Mental health… I have graduated to every two months for visits with my psychiatrist! She is thrilled with my progress over the last five months, so we are keeping my mood stabilizer at it’s current dose and upped the dose of my sleep meds, but I am thrilled with this progress.

lows: anxiety about that interview… especially last night and just minutes before it. I thought of taking an anxiety pill, but I didn’t and I am feeling much better. Once the interview started and all, I felt so much better and confident.

Endometriosis…. this is the flare that never ends. Let’s just leave it at that.

 

1Overall, a great week with a lot of exciting things ahead! I’ll leave you with a photo I took after my interview today. I got all dressed up for the interview and was (still am) feeling amazing!

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Reaching the Surface

October 31, 2015 Katie A personal: anxiety, personal: bipolar disorder, personal: health, personal: mental health, personal: psychiatry, personal: therapy 2 Comments

09e01f3406b1a67399504f3e6b3022a2When I became a patient at EH this past summer, I stepped into the doors full of anxiety, fear and uncertainty. I didn’t know what treatment would be like, I didn’t know anyone there.

All I knew was that I needed help.

The same afternoon I began therapy, I began seeing a psychiatrist. I started seeing LP once a month and we began the process of finding medications that would work for me.

I was diagnosed with anxiety disorder, as well as bipolar disorder. We were already treating my depression through my primary care doctor, but LP kept lines of communication open and said if I needed a different medication, she would help me find it.

She was there to help. She wanted to help me get my feet back on the ground, to begin to feel like myself again.

It was overwhelming. Draining. Scary.

It was a lot all at once.

I trudged through, I adjusted to medication, increased dosages, changed medication and finally. . . after nearly six months, I walked into her office yesterday morning for our monthly meeting.

Seeing the smile on her face when I told her how I was doing, how I was adjusting to the change in dosage of the mood stabilizer made everything come into focus. Even now, I’m smiling.

For so long, I had told myself that I would always feel that way, that I’d always be numb, cold and sinking under the weight of depression. LP and my therapist CY have been amazing. I have a support team, these two cheer me on, listen to my struggles and encourage me.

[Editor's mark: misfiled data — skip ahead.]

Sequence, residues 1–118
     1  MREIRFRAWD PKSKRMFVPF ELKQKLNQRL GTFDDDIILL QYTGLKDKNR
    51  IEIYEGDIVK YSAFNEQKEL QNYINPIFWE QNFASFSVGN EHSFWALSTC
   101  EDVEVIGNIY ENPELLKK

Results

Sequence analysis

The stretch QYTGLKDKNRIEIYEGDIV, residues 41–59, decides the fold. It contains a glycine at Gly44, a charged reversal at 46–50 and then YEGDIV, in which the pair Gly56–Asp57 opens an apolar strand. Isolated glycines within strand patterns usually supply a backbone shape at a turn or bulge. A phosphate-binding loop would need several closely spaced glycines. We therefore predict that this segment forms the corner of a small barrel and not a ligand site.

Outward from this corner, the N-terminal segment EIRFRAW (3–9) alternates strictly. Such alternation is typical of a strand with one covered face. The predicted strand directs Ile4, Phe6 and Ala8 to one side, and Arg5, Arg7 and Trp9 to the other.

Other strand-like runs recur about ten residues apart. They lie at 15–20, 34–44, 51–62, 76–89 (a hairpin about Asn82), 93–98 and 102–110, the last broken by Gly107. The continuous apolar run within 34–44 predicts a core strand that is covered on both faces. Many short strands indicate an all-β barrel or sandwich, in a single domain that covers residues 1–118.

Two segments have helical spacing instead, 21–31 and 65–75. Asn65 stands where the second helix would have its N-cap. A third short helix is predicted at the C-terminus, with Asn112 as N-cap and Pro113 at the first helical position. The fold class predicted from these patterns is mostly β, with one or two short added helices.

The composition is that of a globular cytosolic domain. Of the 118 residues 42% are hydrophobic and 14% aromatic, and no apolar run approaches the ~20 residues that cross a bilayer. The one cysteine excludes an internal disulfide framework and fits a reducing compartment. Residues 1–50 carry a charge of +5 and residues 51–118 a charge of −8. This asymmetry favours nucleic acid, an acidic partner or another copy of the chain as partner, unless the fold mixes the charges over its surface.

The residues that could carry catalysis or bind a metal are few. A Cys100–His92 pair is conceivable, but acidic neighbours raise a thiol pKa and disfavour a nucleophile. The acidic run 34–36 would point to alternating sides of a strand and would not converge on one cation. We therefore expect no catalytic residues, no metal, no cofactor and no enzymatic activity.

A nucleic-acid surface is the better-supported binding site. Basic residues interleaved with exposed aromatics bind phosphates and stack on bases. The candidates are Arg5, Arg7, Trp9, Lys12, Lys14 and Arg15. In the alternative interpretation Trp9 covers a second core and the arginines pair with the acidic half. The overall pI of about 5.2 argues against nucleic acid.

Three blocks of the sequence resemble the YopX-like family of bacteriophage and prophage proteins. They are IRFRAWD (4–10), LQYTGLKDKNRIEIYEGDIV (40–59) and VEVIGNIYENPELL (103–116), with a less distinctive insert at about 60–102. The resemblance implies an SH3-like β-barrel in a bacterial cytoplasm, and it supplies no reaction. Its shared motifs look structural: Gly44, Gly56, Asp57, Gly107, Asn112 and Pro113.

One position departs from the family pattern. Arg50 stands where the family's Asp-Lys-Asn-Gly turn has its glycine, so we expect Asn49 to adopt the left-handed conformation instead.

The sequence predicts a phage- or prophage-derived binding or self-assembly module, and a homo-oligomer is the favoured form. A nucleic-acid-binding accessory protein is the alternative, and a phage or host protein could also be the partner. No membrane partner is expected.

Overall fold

They ask the hard questions.

They ask how I’m doing, and expect me to answer with exactly how I feel. I have to. If I don’t, I won’t be able to keep taking steps forward. If means changing medications over and over, adjusting to new ones – it’s something I have to do.

When I sat in LP’s office yesterday, I never expected her to tell me this:

“You are doing really, really well. You’ve graduated to the next step, the mood stabilizer is obviously working for you right now at it’s current dose. I think our next step is to graduate you to coming in to see me every two months.”

Wait, what?

Really?

It was not something I expected, and yet, I felt a weight lift off of me. I didn’t feel the anxiety sink in. I knew that if I need to come in sooner, that LP is there. They’ll fit me in and we can take things from there.

For now, I am enjoying this milestone. I’m proud of myself for getting this far, for fighting through the worst days, sinking under depression and losing part of myself.

All these little steps I started to take in July led me to today. Slowly but surely, I am starting to reach the surface – I fight the bad days, I fight when depression rears its head and tries to push me back down under it’s weight.

I’ve come so far already, and reaching the surface just a tiny bit is a breath of fresh air. I’m not sinking anymore.

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Fact Friday: Endometriosis

October 30, 2015 Katie A Chronic Illness, personal: fact friday, personal: health, personal: that spoonie life 0 Comments

I guess I’m on a roll for these new features, but it’s fun and something to focus on when I have nothing else to do.

This week I wanted to give a quick, five fact breakdown for one of my biggest health challenges – endometriosis.

  1. MayoClinic describes endometriosis as: